16. I have to preface this by saying that I'm not an experienced cookie baker. Does the spreading happen from the beginning or only after a couple of sheets-worth of cookies? Could it be that the baking sheets are retaining heat and causing the dough to melt faster than it should? This is purely an equipment issue rather than an ingredients issue, and it may be completely wrong. Nancy in Pátzcuaro
  17. Here's a link to a story on Marketplace, a public radio program about the economy. It confirms a lot of what we've been talking about. https://www.marketplace.org/2018/12/04/business/would-you-like-some-earplugs-with-that-appetizer Nancy in Pátzcuaro
  18. I think you can make corn flour by buzzing corn meal in a blender or food processor. At least that's what Google tells me. She should give it a try. Masa is probably the wrong product, as Smithy notes, but she should taste it and make her own decision. In either case, it should be made finer by further grinding. Nancy in Pátzcuaro
  19. This is not a new phenomenon. Many years ago--25? 30?--I ate at China Moon in San Francisco. Had a wonderful meal but could not hear a word my dinner companions were saying. I was younger then and there was nothing wrong with my hearing, but when we got outside my ears were ringing and I felt decidedly ill. I still use the cookbook, which is one of my favorites, but that experience made me shy away from loud restaurants. I personally believe, and had this confirmed by a restaurant owner in Colorado, that it's intentional to promote rapid table turnover. Perhaps I'm old fashioned, but I think dinner should be an opportunity to not just eat but also to enjoy one's dinner companions. That means you have to be able to converse in a relatively normal tone--i.e., not screaming into each other's ears. Now here in México the main source of noise in restaurants is loud music. Nancy in Pátzcuaro
  20. I like the idea of making a limoncello-style drink with the product of our "voracious" (thanks, limniscate) lime tree and tequila instead of vodka. My recipe calls for infusing the peels in the vodka/tequila for only 4 days at room temperature, which to my taste makes a nice after-dinner evening libation. I'm just about ready to harvest some of the limes for another batch, but this time I'll use tequila. I already have a variety of infusions in the back of the fridge--fig, quince, limoncello. Quince, by the way, is quite wonderful when it's young but doesn't mature as well as the others (gets a little too puckery). Nancy in Pátzcuaro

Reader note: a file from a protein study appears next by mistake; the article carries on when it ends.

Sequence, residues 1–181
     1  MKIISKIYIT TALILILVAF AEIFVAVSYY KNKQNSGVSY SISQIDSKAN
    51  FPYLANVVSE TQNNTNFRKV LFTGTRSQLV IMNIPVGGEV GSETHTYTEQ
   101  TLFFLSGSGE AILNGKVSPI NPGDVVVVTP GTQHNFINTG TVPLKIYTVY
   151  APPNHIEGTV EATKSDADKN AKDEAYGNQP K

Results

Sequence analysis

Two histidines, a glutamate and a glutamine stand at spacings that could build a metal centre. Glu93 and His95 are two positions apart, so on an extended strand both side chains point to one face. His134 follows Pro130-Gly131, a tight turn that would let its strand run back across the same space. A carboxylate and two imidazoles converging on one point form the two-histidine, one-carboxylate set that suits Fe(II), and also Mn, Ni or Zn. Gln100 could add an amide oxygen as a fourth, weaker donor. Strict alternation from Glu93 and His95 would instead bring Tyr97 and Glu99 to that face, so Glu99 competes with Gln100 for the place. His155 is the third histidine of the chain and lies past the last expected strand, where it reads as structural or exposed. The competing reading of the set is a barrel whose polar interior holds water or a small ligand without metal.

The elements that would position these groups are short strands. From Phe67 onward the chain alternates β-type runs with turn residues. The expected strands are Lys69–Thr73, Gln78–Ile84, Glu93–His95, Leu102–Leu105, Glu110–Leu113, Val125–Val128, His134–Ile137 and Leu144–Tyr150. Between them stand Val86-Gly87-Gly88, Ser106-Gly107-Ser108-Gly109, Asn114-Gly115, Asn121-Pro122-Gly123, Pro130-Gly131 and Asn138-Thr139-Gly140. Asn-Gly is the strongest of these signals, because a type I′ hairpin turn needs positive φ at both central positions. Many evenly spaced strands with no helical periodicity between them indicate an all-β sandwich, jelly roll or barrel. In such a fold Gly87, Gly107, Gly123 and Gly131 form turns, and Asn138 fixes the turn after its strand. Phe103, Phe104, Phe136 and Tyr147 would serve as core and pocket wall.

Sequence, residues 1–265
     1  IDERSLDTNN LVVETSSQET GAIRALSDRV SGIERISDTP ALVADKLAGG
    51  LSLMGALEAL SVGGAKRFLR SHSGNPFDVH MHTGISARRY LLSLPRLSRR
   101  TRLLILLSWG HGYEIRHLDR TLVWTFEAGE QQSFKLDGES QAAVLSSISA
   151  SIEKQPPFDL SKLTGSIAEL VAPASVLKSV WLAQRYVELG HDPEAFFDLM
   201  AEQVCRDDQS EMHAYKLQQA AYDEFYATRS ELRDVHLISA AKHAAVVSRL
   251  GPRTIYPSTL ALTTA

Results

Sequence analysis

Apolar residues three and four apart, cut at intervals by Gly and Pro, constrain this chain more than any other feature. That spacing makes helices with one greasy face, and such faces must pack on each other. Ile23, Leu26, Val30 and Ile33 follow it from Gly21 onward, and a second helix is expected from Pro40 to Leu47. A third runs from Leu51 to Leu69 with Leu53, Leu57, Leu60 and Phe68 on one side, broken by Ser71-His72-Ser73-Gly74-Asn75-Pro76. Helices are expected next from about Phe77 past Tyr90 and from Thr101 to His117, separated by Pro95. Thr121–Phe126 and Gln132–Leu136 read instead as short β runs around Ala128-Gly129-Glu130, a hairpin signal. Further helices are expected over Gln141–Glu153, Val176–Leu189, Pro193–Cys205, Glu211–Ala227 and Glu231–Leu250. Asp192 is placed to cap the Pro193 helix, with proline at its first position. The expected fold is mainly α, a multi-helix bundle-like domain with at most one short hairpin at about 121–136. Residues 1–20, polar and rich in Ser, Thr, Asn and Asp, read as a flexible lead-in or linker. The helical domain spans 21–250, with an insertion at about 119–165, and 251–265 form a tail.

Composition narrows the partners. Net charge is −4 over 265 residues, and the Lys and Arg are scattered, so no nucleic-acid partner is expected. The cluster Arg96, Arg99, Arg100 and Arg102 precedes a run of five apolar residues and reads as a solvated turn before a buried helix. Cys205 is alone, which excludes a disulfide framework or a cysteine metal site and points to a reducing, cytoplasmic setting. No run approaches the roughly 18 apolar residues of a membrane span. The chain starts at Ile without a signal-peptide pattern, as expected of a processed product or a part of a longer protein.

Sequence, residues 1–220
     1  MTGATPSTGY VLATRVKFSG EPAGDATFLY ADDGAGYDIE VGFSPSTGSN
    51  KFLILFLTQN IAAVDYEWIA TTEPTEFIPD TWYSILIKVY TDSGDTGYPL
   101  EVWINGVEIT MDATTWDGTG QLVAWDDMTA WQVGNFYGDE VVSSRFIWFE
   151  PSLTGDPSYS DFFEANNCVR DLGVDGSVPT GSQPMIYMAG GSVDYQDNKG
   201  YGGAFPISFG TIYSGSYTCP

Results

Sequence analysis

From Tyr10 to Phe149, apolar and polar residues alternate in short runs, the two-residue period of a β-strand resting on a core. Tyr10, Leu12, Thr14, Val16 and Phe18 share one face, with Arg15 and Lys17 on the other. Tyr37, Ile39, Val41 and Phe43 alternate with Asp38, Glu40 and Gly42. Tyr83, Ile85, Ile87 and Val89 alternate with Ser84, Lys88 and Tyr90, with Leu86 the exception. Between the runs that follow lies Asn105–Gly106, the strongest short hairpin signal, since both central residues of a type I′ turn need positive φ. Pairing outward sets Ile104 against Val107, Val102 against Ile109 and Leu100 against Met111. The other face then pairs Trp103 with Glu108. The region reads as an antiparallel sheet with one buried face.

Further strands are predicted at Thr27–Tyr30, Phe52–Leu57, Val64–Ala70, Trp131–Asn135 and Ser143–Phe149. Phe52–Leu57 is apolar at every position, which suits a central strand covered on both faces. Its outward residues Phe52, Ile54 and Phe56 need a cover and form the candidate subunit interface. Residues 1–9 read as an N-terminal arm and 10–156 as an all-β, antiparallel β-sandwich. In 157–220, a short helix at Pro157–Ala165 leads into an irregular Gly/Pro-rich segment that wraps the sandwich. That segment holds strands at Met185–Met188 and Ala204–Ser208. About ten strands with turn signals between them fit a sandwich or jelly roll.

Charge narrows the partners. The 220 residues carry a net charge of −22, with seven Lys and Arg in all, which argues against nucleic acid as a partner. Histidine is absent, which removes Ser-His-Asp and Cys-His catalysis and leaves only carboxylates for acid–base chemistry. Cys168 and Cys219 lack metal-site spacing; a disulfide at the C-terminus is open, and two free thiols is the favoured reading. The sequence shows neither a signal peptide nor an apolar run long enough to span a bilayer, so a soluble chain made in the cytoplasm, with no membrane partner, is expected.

21. The next time I go to Costco in Morelia I'll check on where their 6-pack of romaine hearts comes from. Too bad--it's a staple in our house because it holds up well in the crisper drawer. Maybe at some point we'll find out where the problem lettuce is grown. I can buy locally-grown (I think) romaine in our mercado but it tends to be of lesser quality--you have to strip off half the leaves before you get to something we're willing to eat. Nancy in Pátzcuaro
  22. Some years ago a friend told me her favorite--and possibly easiest--tomato sauce recipe. Thickly slice ripe tomatoes (any type) and layer in a casserole with anchovies, many or few depending on your preference. (I use a 2-oz. can (in oil) for a 9-10" round deep casserole.) Cover with foil and bake slowly in a 300 or 325 oven until the tomatoes are thick and jammy. Taste for salt. The beauty part is that you don't even have to stir. Of course the anchovies disappear. But I also love Macella Hazan's recipe, which is almost as easy but faster. Nancy in Pátzcuaro
  23. Another way to get tough beef is to run cattle around before slaughter. Feed lots, where they stand around eating and pooping, creates more tender beef. So if you buy a whole cow from some producer, make sure it didn't get chased through the pasture for an hour before they caught it. Nancy in Pátzcuaro